He catches her just as she’s about to fall, and she looks up at him and goes, “Why is the lamppost talking?” He tries to walk away from her, but now it’s her turn to get all handsy and refuse to let him go.
She literally holds him by the ankles and practically strips the sweatshirt off his back while trying to hold him there, all the while demanding to know, “What’s your sign? Are you a lamppost, or a tiger?” He’s so bewildered, and doesn’t know what to do.
When she pulls them both down to the ground, he finally just answers her question: “I was born in the year of the tiger! ’86, year of the tiger.”
That gets her attention right away, and she clutches his shoulders and stares at him with purpose. And from her perspective, he morphs into a tiger and growls. LOL.
In a short epilogue, we rewind to the fortune of the day that Bo-nui read on her phone, and scroll down to the part she didn’t see—that said she’d meet an unexpected nobleman who’d help solve her problems.
More than just liking the characters and the setup, this was a good first episode—it was very economical in setting up story and characters, giving them solid motivations, and launching us into the main conflict right away. It shouldn’t seem hard, but so many dramas don’t manage to do all that in the first hour, and it often takes at least two (sometimes four) episodes to get me invested and get the story going in earnest. Now granted, some of it is stock characterization, and we’re used to the cues for a hardworking, plucky Candy heroine and a genius rich hero. But I was pleasantly surprised to find that they weren’t just the lazy stock versions of those character types, and that Bo-nui was smart and capable, and that Su-ho was (1) an actual boy genius, not just dramaland’s version of smart, and (2) not an ass. Okay, he’s probably a terrible boss to work for, but he’s also endearingly nerdy, self-conscious, and bad in a fight.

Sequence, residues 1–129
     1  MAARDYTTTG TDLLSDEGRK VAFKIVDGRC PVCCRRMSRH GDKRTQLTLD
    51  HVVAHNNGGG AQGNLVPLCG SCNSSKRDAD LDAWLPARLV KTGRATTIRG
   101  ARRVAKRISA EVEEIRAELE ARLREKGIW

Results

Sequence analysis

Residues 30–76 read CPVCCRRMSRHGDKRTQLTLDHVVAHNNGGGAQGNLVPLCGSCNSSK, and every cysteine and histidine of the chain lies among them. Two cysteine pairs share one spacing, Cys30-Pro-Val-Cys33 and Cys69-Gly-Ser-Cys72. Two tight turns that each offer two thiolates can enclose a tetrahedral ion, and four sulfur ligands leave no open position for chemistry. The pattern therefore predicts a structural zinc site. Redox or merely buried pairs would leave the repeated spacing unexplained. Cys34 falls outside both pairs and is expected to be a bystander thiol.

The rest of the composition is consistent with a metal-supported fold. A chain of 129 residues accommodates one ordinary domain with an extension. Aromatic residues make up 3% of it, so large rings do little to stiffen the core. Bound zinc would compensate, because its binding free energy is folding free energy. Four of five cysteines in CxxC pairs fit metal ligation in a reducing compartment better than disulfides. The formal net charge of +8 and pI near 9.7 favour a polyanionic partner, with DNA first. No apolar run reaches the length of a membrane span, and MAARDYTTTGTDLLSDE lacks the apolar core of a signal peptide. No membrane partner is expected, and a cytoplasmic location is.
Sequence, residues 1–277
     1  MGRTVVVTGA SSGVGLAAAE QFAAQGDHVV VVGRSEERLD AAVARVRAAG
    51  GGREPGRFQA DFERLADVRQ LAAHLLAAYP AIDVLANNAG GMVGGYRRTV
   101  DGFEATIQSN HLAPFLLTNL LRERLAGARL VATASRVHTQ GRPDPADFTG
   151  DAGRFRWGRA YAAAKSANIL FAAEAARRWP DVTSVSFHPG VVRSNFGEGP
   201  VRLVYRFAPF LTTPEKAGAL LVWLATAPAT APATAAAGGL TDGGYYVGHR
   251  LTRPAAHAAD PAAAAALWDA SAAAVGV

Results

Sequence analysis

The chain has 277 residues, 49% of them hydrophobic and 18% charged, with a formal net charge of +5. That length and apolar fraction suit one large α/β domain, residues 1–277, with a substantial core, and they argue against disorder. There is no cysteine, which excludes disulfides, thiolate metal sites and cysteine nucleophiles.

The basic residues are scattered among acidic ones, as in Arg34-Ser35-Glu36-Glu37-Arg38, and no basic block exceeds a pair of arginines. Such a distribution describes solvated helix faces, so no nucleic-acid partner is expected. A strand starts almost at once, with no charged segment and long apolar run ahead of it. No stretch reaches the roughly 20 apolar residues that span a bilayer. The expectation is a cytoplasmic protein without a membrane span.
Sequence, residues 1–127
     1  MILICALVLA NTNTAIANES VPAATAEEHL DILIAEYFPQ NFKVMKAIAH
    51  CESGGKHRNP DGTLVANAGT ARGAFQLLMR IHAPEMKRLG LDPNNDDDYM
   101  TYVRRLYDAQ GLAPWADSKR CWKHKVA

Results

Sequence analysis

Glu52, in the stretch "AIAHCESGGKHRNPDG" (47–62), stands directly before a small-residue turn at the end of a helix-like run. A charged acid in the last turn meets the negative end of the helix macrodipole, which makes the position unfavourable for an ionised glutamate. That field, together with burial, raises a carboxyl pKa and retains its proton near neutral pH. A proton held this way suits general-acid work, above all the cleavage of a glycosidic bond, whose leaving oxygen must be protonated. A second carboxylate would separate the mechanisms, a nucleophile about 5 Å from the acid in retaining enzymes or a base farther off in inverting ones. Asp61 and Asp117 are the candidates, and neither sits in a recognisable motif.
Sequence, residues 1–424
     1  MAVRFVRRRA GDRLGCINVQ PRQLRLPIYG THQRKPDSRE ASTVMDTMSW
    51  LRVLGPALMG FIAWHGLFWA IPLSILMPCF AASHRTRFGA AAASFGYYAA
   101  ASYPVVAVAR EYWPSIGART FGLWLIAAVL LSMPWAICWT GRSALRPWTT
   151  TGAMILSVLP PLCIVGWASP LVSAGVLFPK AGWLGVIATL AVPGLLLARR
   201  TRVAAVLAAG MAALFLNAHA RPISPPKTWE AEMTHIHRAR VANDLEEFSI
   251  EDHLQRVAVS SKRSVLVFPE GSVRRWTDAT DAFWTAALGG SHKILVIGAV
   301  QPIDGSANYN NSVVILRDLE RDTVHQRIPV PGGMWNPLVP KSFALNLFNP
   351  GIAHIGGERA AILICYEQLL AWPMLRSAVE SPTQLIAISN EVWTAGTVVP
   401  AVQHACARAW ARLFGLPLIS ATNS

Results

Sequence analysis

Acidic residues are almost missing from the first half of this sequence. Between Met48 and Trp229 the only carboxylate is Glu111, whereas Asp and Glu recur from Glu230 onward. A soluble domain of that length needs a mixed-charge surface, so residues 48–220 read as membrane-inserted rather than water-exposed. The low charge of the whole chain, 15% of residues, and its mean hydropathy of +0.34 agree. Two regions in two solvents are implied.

Most of all, I’m glad that we get clear motivations for our characters, especially with Bo-nui, whose excessively superstitious ways make sense once you realize how it’s all tied in with her guilt and her desire to save her sister. The way it comes together makes me relieved that it doesn’t matter if I don’t believe in luck—she comes to believe in it because it’s her only shred of hope when all else is lost, and that, I can understand. I don’t like that the fortuneteller feeds into her guilt by saying she’s actually so unlucky that she causes death around her (this isn’t Mirror of the Witch!) but I can see how she needs to feel like she can change something, because otherwise her sister’s fate is entirely out of her control. In that, her illogical superstition makes perfect sense.
Su-ho’s character background isn’t nearly as strong by comparison (probably because he was altered from the original webtoon character quite a bit for the drama), but I warmed to him when I saw that he was actually really hampered by his panic attacks and stage fright, and that he cares very much about proving himself because he pours all of himself into his work. That’s relatable, and I especially like that he cares what Bo-nui thinks of him, despite it not mattering (yet). Hwang Jung-eum really carried the emotion of the episode, which isn’t a surprise since she’s so good at that, and though Ryu Joon-yeol mostly got to play the straight man to her hilarious antics, he showed some moments of comic potential too, so I think they’re going to make a great pair. By the end of the episode, no matter how absurd the setup, I was ecstatic that she’d caught herself a tiger. I think I’m going to enjoy watching her tame him.
We’re also going to try out a new feature where we grade each episode of a show, because we had some requests from readers to add this to our recaps. Lucky Romance will be the testing ground for that, so let us know as we go if that’s something you like and want us to keep doing, and we’ll try it on other shows too. We’ll be grading a show against itself (so, keeping in mind what it’s trying to be), as well as against a general standard for good dramas (because being the best episode of a middling revenge show doesn’t automatically earn you an A—I’m looking at you, Mr. Black).
Episode Grade: A-
- Lucky Romance’s charm-filled (literally) promo posters
- Lucky Romance gets ready to test its fortunes and fates
- Hwang Jung-eum traps her tiger man in Lucky Romance
- Ryu Joon-yeol and Hwang Jung-eum get handsy for Lucky Romance
- Sneaking good luck charms in Lucky Romance’s first teaser
- Lee Soo-hyuk, Lee Chung-ah complete Lucky Romance’s love square
- Lucky Romance’s leads get cozy
- Lee Soo-hyuk up for second lead in Lucky Romance
- Lee Chung-ah, Taecyeon in talks to be unlucky in love for Lucky Romance
- Ryu Joon-yeol joins Hwang Jung-eum in a Lucky Romance